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Chef Gunnar Karl Gíslason opened Restaurant Dill in Reykjavík’s historic Nordic House in 2009. His contemporary cooking, which celebrates Iceland’s pristine ingredients and artisanal producers, has garnered international acclaim and media. Dill has been nominated for the Nordic Prize and has earned numerous accolades, including Iceland’s restaurant of the year every year since it opened. In his spare time, Gíslason can be found foraging with his children for ingredients to stock his restaurant’s pantry, or salmon fishing in one of Iceland’s glacial rivers.

Jody Eddy is the author of Come In, We’re Closed, which profiled the staff meals of 25 of the world’s best restaurants. A graduate of The Institute of Culinary Education in Manhattan, she is the former editor of Art Culinaire. She first visited Dill in 2009 and has been a devoted disciple of Gíslason’s cooking philosophy ever since.

An unprecedented look into the food and culture of Iceland, from the island’s premier chef and the owner of Reykjavík’s Restaurant Dill.

NORTH is a celebration of the utterly unique, starkly beautiful foodways and landscapes of Iceland. Recipes and essays showcase the rare, indigenous food products and artisanal food producers of this island nation, which is one of the most pristine and unspoiled places on earth. New York Times photographer Evan Sung provides a mix of lush landscape photography and styled food, making this a gorgeous and definitive culinary guide to Iceland as a burgeoning travel destinations.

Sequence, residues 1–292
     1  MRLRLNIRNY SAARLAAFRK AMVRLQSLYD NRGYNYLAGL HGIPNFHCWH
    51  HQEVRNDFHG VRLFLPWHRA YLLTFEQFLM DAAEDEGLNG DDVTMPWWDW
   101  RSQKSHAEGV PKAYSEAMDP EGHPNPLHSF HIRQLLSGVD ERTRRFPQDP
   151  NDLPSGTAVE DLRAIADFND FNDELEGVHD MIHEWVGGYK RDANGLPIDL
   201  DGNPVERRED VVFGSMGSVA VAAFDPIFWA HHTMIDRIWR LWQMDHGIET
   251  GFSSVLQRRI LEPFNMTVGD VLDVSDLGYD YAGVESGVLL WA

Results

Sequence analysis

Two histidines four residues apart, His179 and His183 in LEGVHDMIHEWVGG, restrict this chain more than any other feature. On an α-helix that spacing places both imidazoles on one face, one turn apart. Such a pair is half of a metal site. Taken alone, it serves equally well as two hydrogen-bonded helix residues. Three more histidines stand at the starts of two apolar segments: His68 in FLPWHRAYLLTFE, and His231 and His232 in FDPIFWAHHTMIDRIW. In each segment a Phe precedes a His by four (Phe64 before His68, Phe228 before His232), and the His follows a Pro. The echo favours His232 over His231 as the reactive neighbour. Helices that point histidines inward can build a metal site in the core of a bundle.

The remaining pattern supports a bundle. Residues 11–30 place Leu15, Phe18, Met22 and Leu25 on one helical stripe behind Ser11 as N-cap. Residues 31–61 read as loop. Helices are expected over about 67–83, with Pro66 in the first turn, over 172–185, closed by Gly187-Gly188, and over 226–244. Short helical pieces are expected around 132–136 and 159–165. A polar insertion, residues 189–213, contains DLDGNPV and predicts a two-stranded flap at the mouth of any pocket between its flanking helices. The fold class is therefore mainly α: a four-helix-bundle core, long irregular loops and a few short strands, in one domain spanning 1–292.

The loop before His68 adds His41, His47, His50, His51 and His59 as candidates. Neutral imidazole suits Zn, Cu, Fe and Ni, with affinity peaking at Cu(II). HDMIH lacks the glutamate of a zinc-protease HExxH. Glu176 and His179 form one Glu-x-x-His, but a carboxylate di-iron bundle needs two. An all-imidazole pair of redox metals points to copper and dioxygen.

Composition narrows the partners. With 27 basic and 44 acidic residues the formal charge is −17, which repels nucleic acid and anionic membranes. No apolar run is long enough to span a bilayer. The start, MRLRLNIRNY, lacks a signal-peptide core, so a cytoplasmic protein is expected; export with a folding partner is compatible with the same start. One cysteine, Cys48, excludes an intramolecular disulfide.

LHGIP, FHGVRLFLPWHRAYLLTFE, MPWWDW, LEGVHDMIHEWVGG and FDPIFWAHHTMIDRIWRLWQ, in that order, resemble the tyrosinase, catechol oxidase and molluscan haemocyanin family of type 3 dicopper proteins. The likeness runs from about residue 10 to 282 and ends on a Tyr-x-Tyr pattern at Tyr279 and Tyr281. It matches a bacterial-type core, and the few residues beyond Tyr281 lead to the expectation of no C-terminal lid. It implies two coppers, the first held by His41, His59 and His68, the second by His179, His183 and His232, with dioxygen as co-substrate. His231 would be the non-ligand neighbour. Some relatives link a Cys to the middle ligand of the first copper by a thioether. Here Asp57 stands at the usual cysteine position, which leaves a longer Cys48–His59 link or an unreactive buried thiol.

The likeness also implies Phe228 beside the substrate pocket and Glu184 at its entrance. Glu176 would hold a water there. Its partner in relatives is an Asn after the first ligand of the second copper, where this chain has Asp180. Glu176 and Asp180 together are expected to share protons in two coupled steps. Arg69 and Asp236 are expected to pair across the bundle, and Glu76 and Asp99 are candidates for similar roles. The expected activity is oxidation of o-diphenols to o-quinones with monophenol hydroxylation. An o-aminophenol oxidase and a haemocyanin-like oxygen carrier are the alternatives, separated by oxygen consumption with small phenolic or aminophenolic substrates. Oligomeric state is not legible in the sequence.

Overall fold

Hay Smoked Duck Breasts, Carrot Puree, and Herb Emulsion

Serves: 4

hay smoked duck breasts

Gunnar originally  created this  dish with  lamb in mind,  but he had extra duck breasts on hand and substituted them for the lamb. The result, when served with  a silky carrot puree and  a vibrant herb emulsion, was a pleasing spring  or summer  dish with  a whisper of the farm delivered by the hay smoking.  If you do not use duck fat regularly, now is the time to add it to your list of essential pantry items. Here, it is toasted with  semidried  herbs to coax out its virtues.

Duck Breasts and Toasted Duck Fat
4 duck breasts
Salt
Unsalted butter, for sautéing
Rapeseed oil, for sautéing
1/2 teaspoon dried angelica leaves

Carrot Puree
7 ounces (220 g) carrots, peeled and chopped
1/4 cup (60ml) water
2 tablespoons rapeseed oil, plus more if needed
Salt
Beer Vinegar (Recipe below)

Carrots
Unsalted butter, for sautéing 
Rapeseed oil, for sautéing 
8 small carrots with stems intact, unpeeled, tops trimmed
Salt

Herb Emulsion
2 1/2 teaspoons stone-ground mustard
2 teaspoons Beer Vinegar (Recipe below), plus more for seasoning
1 teaspoon chopped garlic
2 tablespoons chopped shallot
1/2 cup (30 g) chopped fresh dill
1/3 cup (20 g) chopped fresh flat-leaf parsley
1/4 cup (60 ml) water, plus more as needed
1 cup (240 ml) rapeseed oil
Salt

4 handfuls hay, for smoking and garnish 

To make the duck breasts, score the fat on the breasts and season the breasts on both sides with salt. Line a large  plate with  paper towels.  Melt  enough butter with  oil in a large sauté pan over medium-high heat to coat the pan bottom  lightly. Turn down the heat to medium-low, add the breasts, skin  side down, and sauté, turning once, for  7 to 8 minutes. Turn over, raise the heat to high  and cook until medium-rare, about 2 min- utes. Transfer the breasts  to the paper towel–lined plate and let rest, flipping them once at the midway point to distribute  the internal  juices evenly, for 7 minutes.  Season with more salt if needed.

To make the toasted duck fat, return the pan with  the duck fat to medium  heat. Add the angelica and thyme  and heat for  about 2 minutes, until aromatic. Reserve for serving.

To make the carrot puree, put the carrots and water in a pressure cooker, lock the lid in place, bring to medium pressure, and cook for 15 minutes, until  golden brown. Let the pressure release naturally. Remove the lid, drain the carrots, and transfer them  to a blender. Add the oil  and process with  on high  speed until smooth,  adding more oil, if necessary, to form a smooth  puree. Season with  salt and vinegar.